The present study was undertaken to examine the mechanistic basis for the recent observation that the pyridine nucleotide derivative 6- aminonicotinamide (6AN, NSC 21206) enhances the accumulation and resulting cytotoxicity of cisplatin in a variety of tumor cell lines. When A549 lung cancer cells or K562 leukemia cells were treated with 62.5 μM 6AN for 21 h and then pulse-labeled with [35S]methionine for 1 h, increased labeling of five polypeptides, one of which corresponded to a M(r) ~78,000 glucose- regulated protein (GRP78), was observed. Two subsequent observations, however, suggested that up-regulation of these polypeptides was unlikely to explain the interaction between 6AN and cisplatin: 1) the concentration of 6AN required to induce GRP78 was 4-fold higher than the dose required to sensitize cells to cisplatin; and 2) simultaneous treatment of cells with 6AN and cycloheximide prevented the increase in GRP78 but not the sensitizing effect of 6AN. On the contrary, treatment with the protein synthesis inhibitors cycloheximide, anisomycin, or puromycin as well as prolonged exposure to the RNA synthesis inhibitor actinomycin D mimicked the biochemical modulating effects of 6AN on cisplatin action. Conversely, 6AN inhibited protein synthesis, whereas 18 6AN analogs that failed to enhance Pt-DNA adducts and cisplatin cytotoxicity failed to inhibit protein synthesis. These observations are consistent with a model in which 6AN and other inhibitors of protein synthesis act as modulating agents by increasing cisplatin accumulation, thereby enhancing the formation of Pt-DNA adducts and subsequent cisplatin-induced cell death.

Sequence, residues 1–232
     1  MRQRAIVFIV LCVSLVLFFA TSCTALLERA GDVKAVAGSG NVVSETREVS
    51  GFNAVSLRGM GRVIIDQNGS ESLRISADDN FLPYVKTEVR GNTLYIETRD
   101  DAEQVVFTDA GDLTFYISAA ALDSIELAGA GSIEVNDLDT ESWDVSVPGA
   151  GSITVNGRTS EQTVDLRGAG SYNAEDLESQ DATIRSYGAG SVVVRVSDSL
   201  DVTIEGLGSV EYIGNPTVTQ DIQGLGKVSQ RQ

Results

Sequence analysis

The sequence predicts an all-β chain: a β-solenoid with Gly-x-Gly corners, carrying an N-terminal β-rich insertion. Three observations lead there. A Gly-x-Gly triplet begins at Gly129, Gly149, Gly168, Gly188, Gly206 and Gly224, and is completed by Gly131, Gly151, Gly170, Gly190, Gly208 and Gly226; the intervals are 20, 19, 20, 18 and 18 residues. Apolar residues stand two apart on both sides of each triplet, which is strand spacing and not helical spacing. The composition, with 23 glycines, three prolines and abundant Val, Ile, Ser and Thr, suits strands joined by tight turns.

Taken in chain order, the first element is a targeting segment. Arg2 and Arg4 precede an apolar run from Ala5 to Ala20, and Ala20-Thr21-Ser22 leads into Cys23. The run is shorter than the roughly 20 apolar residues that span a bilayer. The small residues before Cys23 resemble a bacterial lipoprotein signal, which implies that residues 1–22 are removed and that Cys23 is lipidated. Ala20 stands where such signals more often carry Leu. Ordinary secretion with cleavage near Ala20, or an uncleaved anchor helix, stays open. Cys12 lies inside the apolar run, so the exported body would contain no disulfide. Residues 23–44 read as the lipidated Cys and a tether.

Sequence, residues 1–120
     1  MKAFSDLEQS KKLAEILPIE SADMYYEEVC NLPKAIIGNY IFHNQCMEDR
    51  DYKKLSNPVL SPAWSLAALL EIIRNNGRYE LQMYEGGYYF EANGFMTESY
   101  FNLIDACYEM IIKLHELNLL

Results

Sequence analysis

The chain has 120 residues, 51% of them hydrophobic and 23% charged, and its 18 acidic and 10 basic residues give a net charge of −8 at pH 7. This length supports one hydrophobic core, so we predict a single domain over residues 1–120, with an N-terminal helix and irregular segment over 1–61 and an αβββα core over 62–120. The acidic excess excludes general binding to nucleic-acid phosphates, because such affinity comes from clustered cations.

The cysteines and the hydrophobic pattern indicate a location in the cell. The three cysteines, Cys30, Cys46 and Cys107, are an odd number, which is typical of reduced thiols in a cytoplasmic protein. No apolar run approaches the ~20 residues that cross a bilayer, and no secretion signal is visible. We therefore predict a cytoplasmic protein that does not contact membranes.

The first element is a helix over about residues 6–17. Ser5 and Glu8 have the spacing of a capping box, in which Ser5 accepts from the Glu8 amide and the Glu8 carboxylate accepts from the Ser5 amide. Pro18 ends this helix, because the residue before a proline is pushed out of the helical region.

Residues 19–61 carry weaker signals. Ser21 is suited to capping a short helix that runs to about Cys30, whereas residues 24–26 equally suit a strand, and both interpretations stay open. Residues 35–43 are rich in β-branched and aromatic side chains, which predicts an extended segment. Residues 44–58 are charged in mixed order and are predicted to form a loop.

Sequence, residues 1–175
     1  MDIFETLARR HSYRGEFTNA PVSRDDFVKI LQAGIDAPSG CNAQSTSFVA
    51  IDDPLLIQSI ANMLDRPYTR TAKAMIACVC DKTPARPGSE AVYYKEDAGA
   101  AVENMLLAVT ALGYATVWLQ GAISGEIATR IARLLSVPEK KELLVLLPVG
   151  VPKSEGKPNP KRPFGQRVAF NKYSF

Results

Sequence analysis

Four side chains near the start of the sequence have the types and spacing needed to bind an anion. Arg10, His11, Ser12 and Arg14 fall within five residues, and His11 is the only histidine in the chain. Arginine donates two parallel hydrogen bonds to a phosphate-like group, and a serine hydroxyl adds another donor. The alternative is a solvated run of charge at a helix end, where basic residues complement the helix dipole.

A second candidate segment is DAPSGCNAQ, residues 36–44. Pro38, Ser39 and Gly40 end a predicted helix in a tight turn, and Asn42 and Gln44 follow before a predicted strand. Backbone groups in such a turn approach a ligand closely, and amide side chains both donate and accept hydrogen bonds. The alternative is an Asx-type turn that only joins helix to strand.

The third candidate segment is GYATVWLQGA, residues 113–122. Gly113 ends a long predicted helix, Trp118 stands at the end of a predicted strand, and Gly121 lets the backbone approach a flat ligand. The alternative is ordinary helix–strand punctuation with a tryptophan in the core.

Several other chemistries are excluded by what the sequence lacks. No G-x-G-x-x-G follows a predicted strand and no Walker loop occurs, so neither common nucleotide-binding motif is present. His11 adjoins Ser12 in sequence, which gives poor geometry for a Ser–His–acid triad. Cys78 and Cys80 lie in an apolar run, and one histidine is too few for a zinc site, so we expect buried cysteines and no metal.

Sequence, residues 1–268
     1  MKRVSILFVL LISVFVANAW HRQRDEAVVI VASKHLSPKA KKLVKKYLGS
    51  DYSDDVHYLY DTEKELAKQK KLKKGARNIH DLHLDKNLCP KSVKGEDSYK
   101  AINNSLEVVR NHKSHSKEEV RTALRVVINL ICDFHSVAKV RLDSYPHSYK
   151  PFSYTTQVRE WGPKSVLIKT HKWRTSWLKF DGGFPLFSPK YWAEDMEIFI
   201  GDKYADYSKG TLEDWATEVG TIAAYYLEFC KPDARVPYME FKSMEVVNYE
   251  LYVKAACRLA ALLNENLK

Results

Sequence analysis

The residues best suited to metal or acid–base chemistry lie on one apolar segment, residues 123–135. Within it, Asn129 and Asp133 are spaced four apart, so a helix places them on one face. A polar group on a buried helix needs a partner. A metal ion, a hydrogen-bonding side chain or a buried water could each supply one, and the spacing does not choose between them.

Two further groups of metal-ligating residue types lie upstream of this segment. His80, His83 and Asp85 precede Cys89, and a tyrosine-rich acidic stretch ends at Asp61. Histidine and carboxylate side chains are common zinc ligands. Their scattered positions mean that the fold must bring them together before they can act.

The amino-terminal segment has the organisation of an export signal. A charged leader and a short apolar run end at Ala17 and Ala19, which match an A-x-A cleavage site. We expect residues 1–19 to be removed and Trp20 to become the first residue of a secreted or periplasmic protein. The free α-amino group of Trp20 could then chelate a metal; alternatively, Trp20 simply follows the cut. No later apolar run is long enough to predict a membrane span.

ASJC Scopus subject areas
- Molecular Medicine